Lecture Notes: Respiratory Medicine
Lecture Notes: Respiratory Medicine
Anatomy and physiology of the lungs
The anatomy and physiology of the respiratory system are designed in such a way as to bring air from the atmosphere and blood from the circulation into close proximity across the alveolar capillary membrane. This facilitates the exchange of oxygen and carbon dioxide between the blood and the outside world.
A brief revision of clinically relevant anatomy
Bronchial tree and alveoli
The trachea has cartilaginous horseshoe-shaped 'rings' supporting its anterior and lateral walls. The posterior wall is flaccid and bulges forward during coughing. This results in narrowing of the lumen, which increases the shearing force from the moving air on the mucus lying on the tracheal walls.
The trachea divides into the right and left main bronchi at the level of the sternal angle (angle of Louis). The left main bronchus is longer than the right and leaves the trachea at a more abrupt angle. The right main bronchus is more directly in line with the trachea, so that inhaled material tends to enter the right lung more readily than the left.
The main bronchi divide into lobar bronchi (upper, middle and lower on the right; upper and lower on the left) and then segmental bronchi , as shown in Fig. 1.1 . The position of the lungs in relation to external landmarks is shown in Fig. 1.2 . Bronchi are airways with cartilage in their walls, and there are about 10 divisions of bronchi beyond the tracheal bifurcation. Smaller airways without cartilage in their walls are referred to as bronchioles . Respiratory bronchioles are peripheral bronchioles with alveoli in their walls. Bronchioles immediately proximal to alveoli are known as terminal bronchioles . In the bronchi, smooth muscle is arranged in a spiral fashion internal to the cartilaginous plates. The muscle coat becomes more complete distally as the cartilaginous plates become more fragmentary.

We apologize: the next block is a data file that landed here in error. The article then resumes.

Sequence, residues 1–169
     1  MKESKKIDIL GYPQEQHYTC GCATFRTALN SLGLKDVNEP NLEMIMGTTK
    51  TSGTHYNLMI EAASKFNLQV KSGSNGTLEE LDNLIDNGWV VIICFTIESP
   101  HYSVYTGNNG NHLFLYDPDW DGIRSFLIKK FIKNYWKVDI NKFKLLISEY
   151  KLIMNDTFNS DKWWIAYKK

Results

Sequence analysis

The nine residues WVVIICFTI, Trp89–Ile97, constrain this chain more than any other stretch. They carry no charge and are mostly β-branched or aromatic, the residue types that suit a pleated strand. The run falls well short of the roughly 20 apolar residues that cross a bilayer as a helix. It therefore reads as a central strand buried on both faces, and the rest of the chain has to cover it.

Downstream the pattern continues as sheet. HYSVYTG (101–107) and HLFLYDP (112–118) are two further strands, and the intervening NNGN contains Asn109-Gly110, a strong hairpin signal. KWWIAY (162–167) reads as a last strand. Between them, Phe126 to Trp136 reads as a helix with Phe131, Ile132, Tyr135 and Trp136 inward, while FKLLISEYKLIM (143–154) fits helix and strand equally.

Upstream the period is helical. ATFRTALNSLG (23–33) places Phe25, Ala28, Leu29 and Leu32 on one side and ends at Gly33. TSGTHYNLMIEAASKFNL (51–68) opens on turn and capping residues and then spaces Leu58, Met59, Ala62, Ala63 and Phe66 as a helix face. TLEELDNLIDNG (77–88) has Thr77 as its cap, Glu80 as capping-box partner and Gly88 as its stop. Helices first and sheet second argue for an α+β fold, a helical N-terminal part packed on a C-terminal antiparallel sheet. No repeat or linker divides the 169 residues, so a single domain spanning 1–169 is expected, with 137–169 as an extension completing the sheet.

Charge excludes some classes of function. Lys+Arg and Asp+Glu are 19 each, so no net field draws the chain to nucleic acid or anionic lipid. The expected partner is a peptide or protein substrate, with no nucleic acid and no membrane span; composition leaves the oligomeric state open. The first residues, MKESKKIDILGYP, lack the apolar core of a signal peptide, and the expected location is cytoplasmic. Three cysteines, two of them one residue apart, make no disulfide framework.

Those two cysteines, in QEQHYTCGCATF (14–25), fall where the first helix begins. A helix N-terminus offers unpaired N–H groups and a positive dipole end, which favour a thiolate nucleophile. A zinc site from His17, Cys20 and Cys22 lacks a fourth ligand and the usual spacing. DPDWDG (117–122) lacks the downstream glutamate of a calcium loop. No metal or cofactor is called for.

Figure 1.1 Diagram of bronchopulmonary segments. LING, lingula; LL, lower lobe; ML, middle lobe; UL, upper lobe.
Figure 1.2 Surface anatomy. (a) Anterior view of the lungs. (b) Lateral view of the right side of the chest at resting end-expiratory position. LLL, left lower lobe; LUL, left upper lobe; RLL, right lower lobe; RML, right middle lobe; RUL, right upper lobe.
The epithelial lining is ciliated and includes goblet cells. The cilia beat with a whip-like action, and waves of contraction pass in an organised fashion from cell to cell so that material trapped in the sticky mucus layer above the cilia is moved upwards and out of the lung. This mucociliary escalator is an important part of the lung's defences. Larger bronchi also have acinar mucus-secreting glands in the submucosa, which are hypertrophied in chronic bronchitis.
Alveoli are about 0.1-0.2 mm in diameter and are lined by a thin layer of cells, of which there are two types: type I pneumocytes have flattened processes that extend to cover most of the internal surface of the alveoli; type II pneumocytes are less numerous and contain lamellated structures, which are concerned with the production of surfactant ( Fig. 1.3 ). There is a potential space between the alveolar cells and the capillary basement membrane, which is only apparent in disease states, when it may contain fluid, fibrous tissue or a cellular infiltrate.
Figure 1.3 Structure of the alveolar wall as revealed by electron microscopy. Ia, type I pneumocyte; Ib, flattened extension of type I pneumocyte covering most of the internal surface of the alveolus; II, type II pneumocyte with lamellar inclusion bodies, which are probably the site of surfactant formation; IS, interstitial space; RBC, red blood corpuscle. Pneumocytes and endothelial cells rest